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Flag Day, which we commemorated June 14 and though not a legal holiday, is significant because it is the anniversary of the adoption of the American flag. At one time or another in our early history, various flags were unfurled, but it was not until June 14, 1777, that Congress, in Philadelphia, adopted a resolution declaring that “the flag of the United States be of thirteen stripes, alternate red and white; that the union be thirteen stars, white in a blue field, representing a new constellation.”
The resolution was adopted after a report by a special committee appointed to suggest a design for our flag. We have a contemporary description that says “the stars of the flag represent a new constellation rising in the West. The idea is taken from the great constellation Lyra, which in the hands of Orpheus, signifies harmony. The blue in the field is taken from the edge of the Covenanters Banner of Scotland, significant of the covenant of the United States against oppression. The stars are disposed in a circle, symbolizing the perpetuity of the Union, the ring signifying eternity. The thirteen stars show the number of the united colonies and denote subordination of the States of the Union as well as equality among themselves. The red, the color which in the Roman days was a symbol of defiance, denotes daring, and the white purity.”
Legends abound about the origin of our flag. The popular tradition credits Betsy Ross with the making of the flag and the cutting of the five-pointed star. Betsy’s grandson, William J. Canby, related this story to the Pennsylvania Historical Society in 1870, but some questions still remain. Today, it is recognized our national flag evolved over a period of time.
The Bennington Flag, present at the Battle of Bennington Aug. 16, 1777, is on record as one of the earliest flags, as is the flag of the Battle of Brandywine on Sept. 11, 1777. But most interesting to us is the story of the “homemade” Stars and Stripes that flew over Fort Schuyler, originally Fort Stanwix, in Rome, N.Y., Aug. 2, 1777.
Among the makers of this improvised flag, which may have been the first flag of the United States, was Col. Marinus Willett (1740-1830), whose connections lie close to the roots of our own local history. His story is supported by historical evidence.
A letter written by a British soldier says that “over the Fort Stanwix built by us in 1758 and named after the brave General Stanwix, they [the Americans] hoisted a flag of white and red stripes and on a canton of azure there were white stars.”
Indeed, Willett’s diary reads as follows: “The fort [Fort Stanwix] had never been supplied with a flag. The necessity of having one had, upon the arrival of the enemy, taxed the invention of the garrison a little; and a decent one was soon contrived. The white stripes were cut out of an ammunition shirt; the blue out of the camlet cloak taken from the enemy at Peekskill, while the red stripes were made of different pieces of the stuff procured from one and another of the garrison.”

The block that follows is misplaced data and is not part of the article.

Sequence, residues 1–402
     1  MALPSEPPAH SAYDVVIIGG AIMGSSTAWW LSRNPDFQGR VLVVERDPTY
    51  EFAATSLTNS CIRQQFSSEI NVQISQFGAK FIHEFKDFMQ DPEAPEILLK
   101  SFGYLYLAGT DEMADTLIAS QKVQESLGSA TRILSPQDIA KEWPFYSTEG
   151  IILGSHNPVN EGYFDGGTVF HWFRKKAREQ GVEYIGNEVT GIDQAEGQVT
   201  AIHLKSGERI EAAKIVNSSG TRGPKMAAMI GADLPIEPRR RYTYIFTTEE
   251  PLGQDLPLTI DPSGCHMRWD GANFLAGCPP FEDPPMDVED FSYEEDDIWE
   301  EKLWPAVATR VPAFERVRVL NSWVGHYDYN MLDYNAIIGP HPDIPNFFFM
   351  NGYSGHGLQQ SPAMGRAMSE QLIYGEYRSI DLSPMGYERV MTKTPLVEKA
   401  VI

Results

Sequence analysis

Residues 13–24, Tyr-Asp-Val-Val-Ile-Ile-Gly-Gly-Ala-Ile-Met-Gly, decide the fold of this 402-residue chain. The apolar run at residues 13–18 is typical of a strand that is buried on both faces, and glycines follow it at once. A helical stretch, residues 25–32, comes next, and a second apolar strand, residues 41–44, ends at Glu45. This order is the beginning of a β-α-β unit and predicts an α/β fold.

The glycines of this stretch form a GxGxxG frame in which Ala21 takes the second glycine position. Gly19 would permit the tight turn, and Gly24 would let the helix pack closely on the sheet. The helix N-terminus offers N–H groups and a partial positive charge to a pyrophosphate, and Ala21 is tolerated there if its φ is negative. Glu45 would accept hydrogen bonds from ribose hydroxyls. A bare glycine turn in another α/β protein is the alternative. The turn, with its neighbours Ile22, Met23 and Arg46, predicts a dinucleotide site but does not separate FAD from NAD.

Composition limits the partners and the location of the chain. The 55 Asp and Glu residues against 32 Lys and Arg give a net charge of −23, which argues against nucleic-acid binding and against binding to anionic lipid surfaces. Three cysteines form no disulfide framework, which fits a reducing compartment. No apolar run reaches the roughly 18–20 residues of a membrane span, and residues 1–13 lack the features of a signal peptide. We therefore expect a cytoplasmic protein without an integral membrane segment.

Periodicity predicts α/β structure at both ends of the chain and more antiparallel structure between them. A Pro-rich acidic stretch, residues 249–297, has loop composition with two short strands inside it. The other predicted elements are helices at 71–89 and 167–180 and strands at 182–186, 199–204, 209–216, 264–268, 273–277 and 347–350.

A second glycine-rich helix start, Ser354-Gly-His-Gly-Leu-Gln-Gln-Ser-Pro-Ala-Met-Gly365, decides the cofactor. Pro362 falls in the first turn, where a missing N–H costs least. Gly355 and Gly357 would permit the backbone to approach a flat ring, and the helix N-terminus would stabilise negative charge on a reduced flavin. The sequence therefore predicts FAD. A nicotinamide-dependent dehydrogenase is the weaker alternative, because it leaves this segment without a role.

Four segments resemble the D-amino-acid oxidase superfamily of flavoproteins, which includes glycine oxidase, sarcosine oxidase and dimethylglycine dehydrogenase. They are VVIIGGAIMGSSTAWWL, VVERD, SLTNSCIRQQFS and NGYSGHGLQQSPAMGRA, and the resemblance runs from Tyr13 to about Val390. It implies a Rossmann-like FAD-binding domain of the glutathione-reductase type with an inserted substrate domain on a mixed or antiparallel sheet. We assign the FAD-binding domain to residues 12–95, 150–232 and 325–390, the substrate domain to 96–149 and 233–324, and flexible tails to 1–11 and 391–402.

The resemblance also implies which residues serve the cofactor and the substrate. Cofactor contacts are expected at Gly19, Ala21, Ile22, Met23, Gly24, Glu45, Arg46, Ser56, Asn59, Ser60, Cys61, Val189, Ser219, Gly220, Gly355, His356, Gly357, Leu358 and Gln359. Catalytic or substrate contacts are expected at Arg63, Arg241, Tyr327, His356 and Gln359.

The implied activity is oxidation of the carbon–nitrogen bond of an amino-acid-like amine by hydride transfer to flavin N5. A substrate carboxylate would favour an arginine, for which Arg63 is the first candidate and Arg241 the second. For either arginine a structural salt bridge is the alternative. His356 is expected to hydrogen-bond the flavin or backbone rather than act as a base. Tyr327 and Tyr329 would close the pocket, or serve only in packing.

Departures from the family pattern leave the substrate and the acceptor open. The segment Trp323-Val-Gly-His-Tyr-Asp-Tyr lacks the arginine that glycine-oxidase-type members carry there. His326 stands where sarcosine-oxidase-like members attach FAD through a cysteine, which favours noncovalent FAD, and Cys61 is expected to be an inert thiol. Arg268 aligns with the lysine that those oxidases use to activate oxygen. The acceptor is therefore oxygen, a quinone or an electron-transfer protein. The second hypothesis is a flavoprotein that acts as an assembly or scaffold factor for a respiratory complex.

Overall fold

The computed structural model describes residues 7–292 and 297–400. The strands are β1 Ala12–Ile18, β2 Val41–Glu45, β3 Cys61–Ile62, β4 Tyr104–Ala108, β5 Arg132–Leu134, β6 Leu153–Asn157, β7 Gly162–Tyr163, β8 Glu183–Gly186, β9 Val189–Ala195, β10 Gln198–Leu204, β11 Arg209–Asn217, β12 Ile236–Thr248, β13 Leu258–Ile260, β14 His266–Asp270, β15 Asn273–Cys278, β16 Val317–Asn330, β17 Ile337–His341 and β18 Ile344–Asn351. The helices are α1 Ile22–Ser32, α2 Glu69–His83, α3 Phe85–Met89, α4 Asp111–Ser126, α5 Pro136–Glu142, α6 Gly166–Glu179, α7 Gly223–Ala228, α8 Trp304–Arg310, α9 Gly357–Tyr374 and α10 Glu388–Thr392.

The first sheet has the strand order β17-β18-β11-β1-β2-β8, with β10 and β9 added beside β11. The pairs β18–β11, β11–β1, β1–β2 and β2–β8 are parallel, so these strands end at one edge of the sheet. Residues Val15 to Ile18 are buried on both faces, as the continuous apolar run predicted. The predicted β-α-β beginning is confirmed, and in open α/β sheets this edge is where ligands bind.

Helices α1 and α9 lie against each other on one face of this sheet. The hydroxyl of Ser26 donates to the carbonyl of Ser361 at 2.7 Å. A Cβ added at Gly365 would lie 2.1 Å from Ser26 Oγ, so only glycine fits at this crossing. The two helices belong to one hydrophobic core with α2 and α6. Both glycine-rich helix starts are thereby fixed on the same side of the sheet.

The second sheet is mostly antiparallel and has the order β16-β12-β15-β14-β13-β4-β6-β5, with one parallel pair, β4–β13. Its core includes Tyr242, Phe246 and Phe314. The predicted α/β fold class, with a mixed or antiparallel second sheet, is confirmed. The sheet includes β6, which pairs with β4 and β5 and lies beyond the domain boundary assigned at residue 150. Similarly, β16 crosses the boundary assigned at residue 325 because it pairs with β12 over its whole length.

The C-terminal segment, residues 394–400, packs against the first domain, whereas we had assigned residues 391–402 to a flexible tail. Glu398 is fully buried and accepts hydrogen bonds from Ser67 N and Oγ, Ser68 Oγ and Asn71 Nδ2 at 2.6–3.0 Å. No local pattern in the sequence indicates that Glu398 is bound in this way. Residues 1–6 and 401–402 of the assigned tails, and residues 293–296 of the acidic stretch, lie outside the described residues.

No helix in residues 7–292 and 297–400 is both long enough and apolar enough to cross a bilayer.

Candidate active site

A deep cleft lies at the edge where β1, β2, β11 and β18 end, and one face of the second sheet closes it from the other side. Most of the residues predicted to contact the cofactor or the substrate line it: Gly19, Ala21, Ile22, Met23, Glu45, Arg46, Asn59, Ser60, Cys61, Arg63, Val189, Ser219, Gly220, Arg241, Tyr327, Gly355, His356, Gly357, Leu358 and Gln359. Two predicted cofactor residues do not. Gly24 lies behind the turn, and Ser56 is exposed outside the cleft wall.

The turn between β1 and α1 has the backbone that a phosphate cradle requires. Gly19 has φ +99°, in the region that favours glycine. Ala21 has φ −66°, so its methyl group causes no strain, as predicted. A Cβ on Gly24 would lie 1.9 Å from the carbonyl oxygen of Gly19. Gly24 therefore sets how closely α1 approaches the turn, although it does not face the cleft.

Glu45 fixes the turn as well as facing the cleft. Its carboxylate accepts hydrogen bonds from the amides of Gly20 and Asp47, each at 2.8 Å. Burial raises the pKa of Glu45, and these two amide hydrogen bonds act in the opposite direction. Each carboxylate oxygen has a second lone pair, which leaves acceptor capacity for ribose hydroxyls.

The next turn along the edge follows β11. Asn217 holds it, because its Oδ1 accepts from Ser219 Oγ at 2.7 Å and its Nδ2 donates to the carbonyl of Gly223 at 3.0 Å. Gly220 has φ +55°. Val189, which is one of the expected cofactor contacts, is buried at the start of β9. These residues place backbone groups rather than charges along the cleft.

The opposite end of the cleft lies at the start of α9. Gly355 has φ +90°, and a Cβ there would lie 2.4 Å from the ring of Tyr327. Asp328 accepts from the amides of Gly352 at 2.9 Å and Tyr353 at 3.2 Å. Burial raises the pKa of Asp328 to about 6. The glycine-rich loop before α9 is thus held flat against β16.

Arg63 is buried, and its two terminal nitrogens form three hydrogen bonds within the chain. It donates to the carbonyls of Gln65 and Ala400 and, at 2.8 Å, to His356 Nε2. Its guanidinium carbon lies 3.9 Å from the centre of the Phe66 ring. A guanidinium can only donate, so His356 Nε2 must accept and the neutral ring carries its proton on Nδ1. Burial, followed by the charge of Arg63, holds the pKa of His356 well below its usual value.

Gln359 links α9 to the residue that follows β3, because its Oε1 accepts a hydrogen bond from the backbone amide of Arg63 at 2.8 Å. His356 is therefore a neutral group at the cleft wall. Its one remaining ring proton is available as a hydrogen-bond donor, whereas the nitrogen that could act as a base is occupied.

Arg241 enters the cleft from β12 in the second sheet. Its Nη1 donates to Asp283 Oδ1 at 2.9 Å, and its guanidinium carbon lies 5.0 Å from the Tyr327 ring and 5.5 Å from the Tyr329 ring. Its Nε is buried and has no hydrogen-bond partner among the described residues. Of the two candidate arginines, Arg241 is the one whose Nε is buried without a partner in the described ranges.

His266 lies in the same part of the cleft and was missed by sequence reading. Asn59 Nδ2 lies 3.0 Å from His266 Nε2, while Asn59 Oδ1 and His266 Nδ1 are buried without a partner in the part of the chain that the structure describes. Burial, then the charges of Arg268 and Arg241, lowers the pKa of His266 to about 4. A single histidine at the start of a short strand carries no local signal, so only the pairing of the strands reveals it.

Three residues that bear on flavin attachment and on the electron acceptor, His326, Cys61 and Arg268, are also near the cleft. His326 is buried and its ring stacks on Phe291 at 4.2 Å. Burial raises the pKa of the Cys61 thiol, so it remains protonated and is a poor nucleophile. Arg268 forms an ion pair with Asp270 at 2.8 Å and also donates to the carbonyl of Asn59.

Willett was a direct descendant of Mayor Thomas Willett, the first mayor of the renamed New York City after the English acquired New Amsterdam from the Dutch in 1664.
Willett was a soldier and well-known public figure. He began his military career in 1758 in Oliver Delancy’s New York Regiment. Willett was a leader of radical patriots in the city and an active Son of Liberty before the Revolution. His seizure of arms from British forces when they evacuated the city in 1775 is commemorated on a plaque in downtown New York.
He participated in the invasion of Canada with the First New York Regiment. For his bravery in campaigns against the British, Congress awarded him an elegant French sword, which can now be seen on display in the American Wing of the Metropolitan Museum of Art. Willett became a member of the Order of Cincinnati and was elected to the state Assembly. In 1784, he was appointed sheriff of New York County.
In 1790, Willett was sent by President George Washington to negotiate a treaty with the Creek Indians. He was chosen because of his knowledge of Indian affairs, and the success of the treaty won praise from both Washington and Mayor DeWitt Clinton. He later succeeded Clinton as mayor in 1807. His full-length portrait by famed artist Ralph Earle is in the American Wing of the Met.
Joan Brown Wettingfeld is a historian and freelance writer.
©2009 Community Newspaper Group
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